The cost of private rehab can vary significantly by treatment programme, and depending on which of a variety of optional extras are selected. As a rough guide, standard costs range from between £5,500 and £11,000 per month, though the cheapest rehab treatment can start from as little as £834 per week. For more details, call us to speak with one of our addiction advisers.
Hammersmith & Fulham NHS Addiction Treatment
If you feel that private rehab is currently not an option for you for reasons of cost, or if you do not feel that you are able to spend the required time away from family and/or work obligations, do not despair: various NHS and charity resources can be found in Hammersmith & Fulham and across Greater London which can help you combat your addiction. Consult your GP about which of these resources may be available to you and would be most appropriate for your specific situation.
Advantages of NHS Treatment
Although there are certain problems associated with seeking treatment from the NHS, as have been mentioned previously, it’s important to recognise that there are advantages to taking the NHS route. The most obvious of these is of course cost: NHS services are free at the point of use.
The NHS also has a geographical advantage in that it operates across the country while some rehabs are a long way away from Hammersmith & Fulham (though this may in fact be an advantage for those wishing to be as far as possible from temptation…). NHS services are typically of a high standard – though quality does vary from one NHS trust to the next, as do waiting times as noted above.
Addiction Support Groups
A number of organisations exist across the country to provide assistance to recovering addicts, and some of these operate a support group model. Support groups are groups of individuals who are themselves recovering addicts – some only recently free from addiction, while others may have been clean for many years – and who come together at regular meetings to give and take mutual support: sharing their stories of addiction, giving advice on how to resist relapse, showing solidarity and sympathy when group members are struggling, and providing the simple companionship which can mean so much in times of difficulty and loneliness.
Support group attendees can come from all walks of life, brought together by their shared experience of addiction and recovery; typically, attendance at support groups is free and the only qualification for participation is a commitment to leading a life free of substance abuse.
The most famous support group organisation, and the one on which most others are modelled, is Alcoholics Anonymous (AA) which was founded in 1935 and runs on a 12-step programme of personal and spiritual development, with one of the steps being a recognition that a higher power – such as God – can assist with an alcoholic’s recovery.
Narcotics Anonymous (NA), founded in 1953 and based directly upon the AA model, is the second-largest support group organisation worldwide and caters to recovering drug addicts specifically. In a similar vein, but supporting those recovering from addictions to specific substances, are Cocaine Anonymous (CA), Heroin Anonymous (HA), Marijuana Anonymous (MA) and Crystal Meth Anonymous (CMA), all of which operate 12-step programmes. There are also support groups such as Al-Anon and Nar-Anon assisting the families and friends of addicts which typically hold meetings alongside those for the addicts themselves.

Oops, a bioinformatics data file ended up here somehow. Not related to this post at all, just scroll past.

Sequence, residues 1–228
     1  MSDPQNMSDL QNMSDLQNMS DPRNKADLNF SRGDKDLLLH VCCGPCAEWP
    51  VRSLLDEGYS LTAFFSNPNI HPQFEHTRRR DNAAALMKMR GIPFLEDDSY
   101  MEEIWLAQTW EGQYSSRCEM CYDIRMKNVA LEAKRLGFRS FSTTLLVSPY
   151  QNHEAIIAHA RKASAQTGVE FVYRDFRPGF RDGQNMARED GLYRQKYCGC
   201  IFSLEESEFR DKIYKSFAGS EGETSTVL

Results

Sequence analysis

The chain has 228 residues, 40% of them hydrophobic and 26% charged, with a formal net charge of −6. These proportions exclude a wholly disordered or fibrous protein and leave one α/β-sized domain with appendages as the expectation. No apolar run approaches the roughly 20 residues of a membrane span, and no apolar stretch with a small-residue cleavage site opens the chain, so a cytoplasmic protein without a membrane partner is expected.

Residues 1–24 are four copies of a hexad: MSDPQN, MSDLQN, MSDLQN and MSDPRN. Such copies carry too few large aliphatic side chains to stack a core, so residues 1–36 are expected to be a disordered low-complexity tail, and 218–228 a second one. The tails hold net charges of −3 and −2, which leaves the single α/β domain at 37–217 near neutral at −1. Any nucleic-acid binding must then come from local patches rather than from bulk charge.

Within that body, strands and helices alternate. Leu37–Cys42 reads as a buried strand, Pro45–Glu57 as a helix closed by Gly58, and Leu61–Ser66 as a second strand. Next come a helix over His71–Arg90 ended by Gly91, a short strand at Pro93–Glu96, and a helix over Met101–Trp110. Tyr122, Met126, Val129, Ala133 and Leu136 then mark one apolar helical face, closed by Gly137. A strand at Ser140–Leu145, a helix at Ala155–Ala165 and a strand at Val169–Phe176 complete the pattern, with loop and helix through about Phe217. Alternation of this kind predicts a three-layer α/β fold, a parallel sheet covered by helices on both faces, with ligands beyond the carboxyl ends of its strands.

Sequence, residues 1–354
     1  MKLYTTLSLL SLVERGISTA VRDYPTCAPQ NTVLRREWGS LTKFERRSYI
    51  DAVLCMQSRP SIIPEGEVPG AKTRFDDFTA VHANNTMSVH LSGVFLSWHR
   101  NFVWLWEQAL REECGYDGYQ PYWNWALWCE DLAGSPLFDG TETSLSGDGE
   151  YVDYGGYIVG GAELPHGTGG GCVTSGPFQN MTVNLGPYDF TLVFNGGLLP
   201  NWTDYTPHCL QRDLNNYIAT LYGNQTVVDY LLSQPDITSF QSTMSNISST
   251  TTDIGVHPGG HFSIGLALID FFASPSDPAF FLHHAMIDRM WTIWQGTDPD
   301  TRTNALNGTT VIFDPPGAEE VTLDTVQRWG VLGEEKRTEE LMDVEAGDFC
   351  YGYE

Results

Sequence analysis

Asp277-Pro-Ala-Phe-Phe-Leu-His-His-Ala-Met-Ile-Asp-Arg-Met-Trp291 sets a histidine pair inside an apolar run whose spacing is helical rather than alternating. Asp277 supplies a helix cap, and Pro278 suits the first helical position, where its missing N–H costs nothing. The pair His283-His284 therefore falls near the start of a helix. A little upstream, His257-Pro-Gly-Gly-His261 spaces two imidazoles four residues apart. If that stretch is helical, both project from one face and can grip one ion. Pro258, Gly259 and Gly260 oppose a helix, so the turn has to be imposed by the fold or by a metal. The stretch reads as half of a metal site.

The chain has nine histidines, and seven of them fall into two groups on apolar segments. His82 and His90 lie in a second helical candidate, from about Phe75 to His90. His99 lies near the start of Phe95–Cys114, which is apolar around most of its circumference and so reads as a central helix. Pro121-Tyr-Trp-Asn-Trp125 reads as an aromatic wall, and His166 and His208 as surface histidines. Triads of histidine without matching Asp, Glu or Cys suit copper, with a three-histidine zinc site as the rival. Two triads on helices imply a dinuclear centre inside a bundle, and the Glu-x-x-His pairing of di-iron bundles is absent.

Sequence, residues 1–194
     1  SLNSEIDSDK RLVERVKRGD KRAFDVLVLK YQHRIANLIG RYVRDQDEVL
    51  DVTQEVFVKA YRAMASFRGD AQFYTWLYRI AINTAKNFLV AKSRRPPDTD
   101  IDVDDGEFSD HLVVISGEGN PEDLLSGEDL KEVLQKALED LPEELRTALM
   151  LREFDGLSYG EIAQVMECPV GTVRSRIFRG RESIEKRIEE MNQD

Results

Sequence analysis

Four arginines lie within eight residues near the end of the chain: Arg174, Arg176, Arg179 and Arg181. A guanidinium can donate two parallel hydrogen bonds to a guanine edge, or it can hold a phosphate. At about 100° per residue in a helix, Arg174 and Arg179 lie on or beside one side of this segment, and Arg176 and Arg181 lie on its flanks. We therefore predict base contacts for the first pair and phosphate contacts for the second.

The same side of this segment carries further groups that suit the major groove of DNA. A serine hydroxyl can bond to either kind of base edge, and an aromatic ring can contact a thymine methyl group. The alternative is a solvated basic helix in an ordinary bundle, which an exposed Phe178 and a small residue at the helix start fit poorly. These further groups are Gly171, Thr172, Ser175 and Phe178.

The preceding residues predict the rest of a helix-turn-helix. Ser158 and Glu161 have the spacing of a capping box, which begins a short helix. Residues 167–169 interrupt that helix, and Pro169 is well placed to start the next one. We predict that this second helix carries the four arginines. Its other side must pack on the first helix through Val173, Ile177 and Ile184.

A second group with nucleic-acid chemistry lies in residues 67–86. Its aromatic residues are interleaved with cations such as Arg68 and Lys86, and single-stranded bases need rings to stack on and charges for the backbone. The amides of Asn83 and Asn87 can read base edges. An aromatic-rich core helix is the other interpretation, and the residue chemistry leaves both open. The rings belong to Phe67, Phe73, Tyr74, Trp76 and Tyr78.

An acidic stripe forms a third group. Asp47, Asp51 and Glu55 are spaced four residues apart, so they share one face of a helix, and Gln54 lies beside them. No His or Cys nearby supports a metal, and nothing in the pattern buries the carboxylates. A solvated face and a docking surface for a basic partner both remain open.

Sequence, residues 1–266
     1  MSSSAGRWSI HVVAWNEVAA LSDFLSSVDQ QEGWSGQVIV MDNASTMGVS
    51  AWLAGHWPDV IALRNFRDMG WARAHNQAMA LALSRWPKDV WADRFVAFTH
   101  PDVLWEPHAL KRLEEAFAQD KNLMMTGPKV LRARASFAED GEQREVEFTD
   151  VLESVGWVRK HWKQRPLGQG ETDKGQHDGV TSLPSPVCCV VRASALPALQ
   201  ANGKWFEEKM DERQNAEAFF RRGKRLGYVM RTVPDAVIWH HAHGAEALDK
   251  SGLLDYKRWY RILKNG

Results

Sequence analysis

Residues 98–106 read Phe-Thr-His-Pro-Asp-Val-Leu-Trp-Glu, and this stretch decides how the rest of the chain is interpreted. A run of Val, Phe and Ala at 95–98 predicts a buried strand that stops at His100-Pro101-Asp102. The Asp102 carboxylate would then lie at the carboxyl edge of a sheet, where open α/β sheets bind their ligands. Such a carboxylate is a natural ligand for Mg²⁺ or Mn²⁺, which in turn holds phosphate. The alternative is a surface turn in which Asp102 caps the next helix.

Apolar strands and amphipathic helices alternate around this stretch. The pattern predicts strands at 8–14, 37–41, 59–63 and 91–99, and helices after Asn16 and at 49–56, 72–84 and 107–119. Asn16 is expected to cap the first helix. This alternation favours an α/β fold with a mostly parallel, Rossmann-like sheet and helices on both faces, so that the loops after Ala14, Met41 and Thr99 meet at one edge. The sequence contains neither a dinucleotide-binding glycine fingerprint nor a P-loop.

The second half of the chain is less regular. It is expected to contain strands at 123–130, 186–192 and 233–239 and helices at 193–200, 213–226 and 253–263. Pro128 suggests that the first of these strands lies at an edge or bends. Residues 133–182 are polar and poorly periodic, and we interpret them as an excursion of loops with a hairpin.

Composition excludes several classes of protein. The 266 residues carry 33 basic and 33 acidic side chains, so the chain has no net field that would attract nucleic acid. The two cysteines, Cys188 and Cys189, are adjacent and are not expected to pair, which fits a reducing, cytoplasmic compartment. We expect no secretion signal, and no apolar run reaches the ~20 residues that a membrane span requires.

Support groups typically meet weekly, though each local chapter is managed independently and meeting times and venues are subject to change. To find information on meetings in or near Harrow, see the relevant websites:
Types of Counselling
Some people who have completed a treatment programme in rehab want the security of ongoing professional assistance during the next phase of their recovery – even potentially for several years afterwards. On the other hand, some addicts who have not yet been through rehab, but who intend to do so and who wish meanwhile to manage their addictions, desire a similar level of professional health. For these two groups – and indeed for any recovering addicts with especially busy schedules who want the ability to access support as and when they require it – one especially useful model is individual counselling.
Private addiction counsellors work rather like regular psychotherapists, in that they can be seen by private appointment (perhaps on an ongoing – typically weekly – basis, or maybe less regularly) charging a fee per such appointment. Private addiction counsellors can be found right across the UK – with a great many active in Greater London – offering a broad variety of therapy models and approaches to treatment. Usually such counsellors will be available only during set working hours but some may make themselves available in emergencies.
How to Get to Liberty House Clinic from Hammersmith/Fulham
Liberty House Clinic is a fully furbished 18-bed drug and alcohol detox and rehabilitation facility in a peaceful, picturesque suburban setting in the heart of Luton. Its large, spacious grounds are the ideal place in which to address the key questions at the heart of recovery from addiction, and to embrace its fully comprehensive rehabilitation programme focused on mental, physical and spiritual well-being.
To get to Luton from Hammersmith by road head west on the A4 and continue on the M4 to junction 4B; take the M25 north and at junction 21 exit onto the M1. Stay on that motorway until junction 10; then take the A1081 towards London Road; follow signage to the town centre.
For those preferring to travel by train, Luton is served by Thameslink; from Hammersmith head to Kings Cross St Pancras on the underground and then ascend to London St Pancras to take a train direct to Luton.
Liberty House Clinic
220 Old Bedford Road